Policymakers cautious about QE exit strategy
Despite recovery, Europe’s central bank is in no rush to withdraw monetary support.
FRANKFURT/NEW YORK: The European Central Bank has convinced economists that it’ll take policy normalisation as gradually as it can.
Ninety percent of respondents in a Bloomberg survey say the ECB will use its meeting on Thursday to acknowledge that the risks surrounding the euro area’s recovery are balanced.
Beyond that, the 60 analysts are split on whether the central bank will remove its easing bias on interest rates, and the proportion expecting an announcement by September on the future of the bondbuying programme has fallen since the previous poll.
Amid a recovery that appears stronger by the day, the Governing Council looks set to use the Tallinn gathering — it occasionally meets outside Frankfurt — to have its first formal discussion on what an exit from stimulus might look like.
Even so, president Mario Draghi and some of his colleagues have damped expectations for any significant signals, warning that weak price pressures show there is no reason to rush to withdraw monetary support.
“The Governing Council is likely to remain very cautious in its communication about the exit strategy in an environment where, despite the good growth performance, the outlook for inflation remains bleak,” said Philippe Gudin, chief European economist at Barclays Plc.
Euro-area manufacturing and services continued to expand at the fastest pace in six years in May, according to IHS Markit’s composite Purchasing Managers’ Index.
Chris Williamson, chief business economist, said the outlook “seems to be tilting to the upside.”
At the last policy meeting on April 27, Draghi said that risks to growth were “moving toward a more balanced configuration” but were still tilted to the downside. Whether the “downside” reference is dropped has become a focal point for observers trying to gauge if a tipping point has been reached.
Of the six executive board members who set the agenda, Sabine Lautenschlaeger has recently said the risks are now balanced, Benoit Coeure has said they are rebalancing, and Yves Mersch has said that moment is within reach. Draghi, chief economist Peter Praet and vice president Vitor Constancio have remained more cautious.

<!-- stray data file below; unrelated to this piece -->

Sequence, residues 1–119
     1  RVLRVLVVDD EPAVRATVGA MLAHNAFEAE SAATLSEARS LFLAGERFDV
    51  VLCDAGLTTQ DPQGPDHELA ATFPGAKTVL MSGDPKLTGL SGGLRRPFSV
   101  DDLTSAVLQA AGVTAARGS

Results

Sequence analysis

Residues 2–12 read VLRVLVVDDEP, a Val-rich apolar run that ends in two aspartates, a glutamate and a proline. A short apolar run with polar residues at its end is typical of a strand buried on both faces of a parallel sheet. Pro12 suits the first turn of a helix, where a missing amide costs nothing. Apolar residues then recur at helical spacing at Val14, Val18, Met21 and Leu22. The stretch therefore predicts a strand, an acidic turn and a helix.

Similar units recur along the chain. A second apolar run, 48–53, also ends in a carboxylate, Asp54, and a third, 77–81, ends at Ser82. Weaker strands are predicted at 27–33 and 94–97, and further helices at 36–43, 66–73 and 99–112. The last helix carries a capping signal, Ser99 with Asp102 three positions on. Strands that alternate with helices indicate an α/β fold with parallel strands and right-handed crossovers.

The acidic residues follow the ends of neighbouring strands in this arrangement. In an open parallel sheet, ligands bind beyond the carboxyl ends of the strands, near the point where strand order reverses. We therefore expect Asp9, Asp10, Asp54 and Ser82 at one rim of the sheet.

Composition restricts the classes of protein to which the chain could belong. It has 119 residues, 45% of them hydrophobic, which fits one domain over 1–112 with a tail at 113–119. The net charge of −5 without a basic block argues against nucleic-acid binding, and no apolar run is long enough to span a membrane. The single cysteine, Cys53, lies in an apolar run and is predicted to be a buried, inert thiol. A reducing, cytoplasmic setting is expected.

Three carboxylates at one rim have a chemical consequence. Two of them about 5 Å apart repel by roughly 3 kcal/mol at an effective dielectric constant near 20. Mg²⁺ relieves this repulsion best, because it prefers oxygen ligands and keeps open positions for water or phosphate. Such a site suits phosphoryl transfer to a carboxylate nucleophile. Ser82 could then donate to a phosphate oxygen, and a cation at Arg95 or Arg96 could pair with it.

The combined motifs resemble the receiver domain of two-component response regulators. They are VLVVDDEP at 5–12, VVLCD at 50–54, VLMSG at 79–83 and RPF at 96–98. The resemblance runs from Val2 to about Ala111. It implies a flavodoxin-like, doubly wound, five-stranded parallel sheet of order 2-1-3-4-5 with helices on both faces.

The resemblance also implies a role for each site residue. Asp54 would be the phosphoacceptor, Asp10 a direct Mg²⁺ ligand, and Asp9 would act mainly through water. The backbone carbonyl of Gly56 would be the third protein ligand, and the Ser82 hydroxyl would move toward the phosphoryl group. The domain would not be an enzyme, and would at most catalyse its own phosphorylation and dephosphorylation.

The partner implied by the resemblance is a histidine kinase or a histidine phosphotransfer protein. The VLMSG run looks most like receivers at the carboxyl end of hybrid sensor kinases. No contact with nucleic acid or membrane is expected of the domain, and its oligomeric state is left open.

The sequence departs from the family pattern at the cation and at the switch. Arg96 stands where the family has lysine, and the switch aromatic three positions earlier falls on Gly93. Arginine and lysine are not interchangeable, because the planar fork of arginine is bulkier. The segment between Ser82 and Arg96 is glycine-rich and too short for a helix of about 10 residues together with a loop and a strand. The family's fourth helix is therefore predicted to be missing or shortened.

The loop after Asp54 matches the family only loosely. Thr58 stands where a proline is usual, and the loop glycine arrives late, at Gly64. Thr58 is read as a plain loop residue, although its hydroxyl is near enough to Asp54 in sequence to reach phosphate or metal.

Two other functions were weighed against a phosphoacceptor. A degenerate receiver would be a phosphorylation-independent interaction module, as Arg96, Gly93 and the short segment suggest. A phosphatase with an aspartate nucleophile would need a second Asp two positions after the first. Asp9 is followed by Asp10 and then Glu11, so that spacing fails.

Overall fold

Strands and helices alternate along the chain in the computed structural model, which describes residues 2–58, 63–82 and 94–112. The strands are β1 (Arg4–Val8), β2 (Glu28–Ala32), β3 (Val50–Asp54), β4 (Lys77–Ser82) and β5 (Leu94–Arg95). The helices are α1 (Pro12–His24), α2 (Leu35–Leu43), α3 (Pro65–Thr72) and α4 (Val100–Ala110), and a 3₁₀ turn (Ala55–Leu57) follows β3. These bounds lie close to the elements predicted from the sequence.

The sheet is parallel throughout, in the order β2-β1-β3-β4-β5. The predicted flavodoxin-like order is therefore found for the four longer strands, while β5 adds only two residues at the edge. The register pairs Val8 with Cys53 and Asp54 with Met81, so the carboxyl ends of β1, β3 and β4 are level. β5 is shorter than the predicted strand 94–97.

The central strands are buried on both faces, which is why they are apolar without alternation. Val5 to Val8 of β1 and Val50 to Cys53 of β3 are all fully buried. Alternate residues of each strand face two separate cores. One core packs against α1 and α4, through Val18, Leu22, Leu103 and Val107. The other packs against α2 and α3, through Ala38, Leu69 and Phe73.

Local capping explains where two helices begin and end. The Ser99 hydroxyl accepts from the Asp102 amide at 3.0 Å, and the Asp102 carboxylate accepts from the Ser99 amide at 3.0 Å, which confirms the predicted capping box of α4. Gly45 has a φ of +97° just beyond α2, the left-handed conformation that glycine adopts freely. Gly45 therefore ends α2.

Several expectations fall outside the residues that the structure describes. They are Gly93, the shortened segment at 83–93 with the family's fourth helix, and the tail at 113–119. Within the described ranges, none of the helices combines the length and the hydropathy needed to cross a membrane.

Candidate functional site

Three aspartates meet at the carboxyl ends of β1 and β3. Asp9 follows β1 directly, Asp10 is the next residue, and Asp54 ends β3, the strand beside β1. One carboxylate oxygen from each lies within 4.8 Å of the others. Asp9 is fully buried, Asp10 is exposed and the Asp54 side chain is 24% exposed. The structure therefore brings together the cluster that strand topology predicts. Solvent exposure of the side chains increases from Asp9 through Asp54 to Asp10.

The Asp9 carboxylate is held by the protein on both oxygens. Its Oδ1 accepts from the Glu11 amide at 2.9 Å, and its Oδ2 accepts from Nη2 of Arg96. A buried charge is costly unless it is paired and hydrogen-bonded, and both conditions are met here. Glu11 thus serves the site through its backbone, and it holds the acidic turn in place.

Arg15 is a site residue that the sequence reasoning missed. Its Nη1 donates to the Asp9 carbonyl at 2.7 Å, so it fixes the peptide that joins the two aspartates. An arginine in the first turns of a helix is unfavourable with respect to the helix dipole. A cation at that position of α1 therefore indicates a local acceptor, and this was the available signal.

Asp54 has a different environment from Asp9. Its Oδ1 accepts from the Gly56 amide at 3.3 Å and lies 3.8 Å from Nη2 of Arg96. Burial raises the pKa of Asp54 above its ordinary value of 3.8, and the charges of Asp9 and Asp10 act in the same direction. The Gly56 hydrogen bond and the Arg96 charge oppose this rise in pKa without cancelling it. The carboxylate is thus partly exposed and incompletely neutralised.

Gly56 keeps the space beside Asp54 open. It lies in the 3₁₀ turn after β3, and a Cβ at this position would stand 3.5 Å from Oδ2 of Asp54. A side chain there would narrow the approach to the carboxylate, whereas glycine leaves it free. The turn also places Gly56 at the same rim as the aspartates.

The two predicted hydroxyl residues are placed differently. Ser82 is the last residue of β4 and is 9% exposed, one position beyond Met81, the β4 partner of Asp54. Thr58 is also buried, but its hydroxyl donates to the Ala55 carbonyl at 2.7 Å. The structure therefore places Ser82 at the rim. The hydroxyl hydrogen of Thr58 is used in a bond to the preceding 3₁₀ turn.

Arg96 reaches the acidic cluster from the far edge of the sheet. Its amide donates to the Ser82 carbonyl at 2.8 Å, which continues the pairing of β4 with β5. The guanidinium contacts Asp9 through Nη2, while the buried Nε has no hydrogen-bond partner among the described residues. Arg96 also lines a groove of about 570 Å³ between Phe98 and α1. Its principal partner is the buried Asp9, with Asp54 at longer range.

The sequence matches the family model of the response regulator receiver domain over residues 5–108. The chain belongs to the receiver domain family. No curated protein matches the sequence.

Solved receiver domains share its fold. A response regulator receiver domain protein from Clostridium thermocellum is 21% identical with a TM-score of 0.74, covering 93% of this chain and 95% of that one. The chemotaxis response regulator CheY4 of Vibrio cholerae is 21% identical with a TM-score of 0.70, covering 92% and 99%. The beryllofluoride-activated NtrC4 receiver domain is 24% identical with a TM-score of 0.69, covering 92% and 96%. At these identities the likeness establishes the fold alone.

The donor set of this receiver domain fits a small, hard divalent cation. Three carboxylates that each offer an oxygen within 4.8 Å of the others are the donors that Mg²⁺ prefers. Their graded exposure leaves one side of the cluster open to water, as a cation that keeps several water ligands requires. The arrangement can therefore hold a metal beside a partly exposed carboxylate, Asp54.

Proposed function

“Everything we have heard from ECB officials since the last meeting suggest that any major shift in communication is off the table this week,” said Claus Vistesen, an economist at Pantheon Macroeconomics in Newcastle, UK. “The May inflation data added to the likely dovish bias and probably will force a marginal downward adjustment to the ECB’s 2017 inflation forecast.”
Consumer-price growth in the euro zone slowed to 1.4% last month from 1.9%, and core inflation cooled to 0.9%. The ECB says it isn’t yet convinced that inflation can hold at its goal of just under 2% over the medium term without monetary support.
Nearly half of the survey respondents say the ECB will cut its 2017 inflation forecast when it publishes fresh projections on Thursday.
Given that outlook, economists have pushed back the date at which they see the ECB dropping its guidance that rates might be cut further. Most now see that happening by the July 20 meeting, compared with a forecast in the April survey that it would happen in Tallinn.
While most economists still see the ECB announcing in September what its intentions are for the quantitative-easing programme, they’ve become less convinced. The 54 percent expecting a decision then is down from 67 percent in the previous poll.
The central bank currently says it’ll keep buying debt at €60 billion ($68 billion) a month until at least the end of the year. The tapering of QE is seen as starting by the first quarter of 2018 and taking seven months, up from six months predicted previously.
After Draghi and Praet went out of their way to knock down any debate over whether interest rates might rise before QE ends, economists are sticking to their forecast that the deposit rate won’t be lifted until the third quarter of 2018.
“Communication will be delicate,” said Kristian Toedtmann, an economist at DekaBank. “On the one hand, the ECB has to align its forward guidance and risk assessment with the improved economic conditions in order to remain credible. On the other hand, it doesn’t want to spark expectations of a near-term tightening.”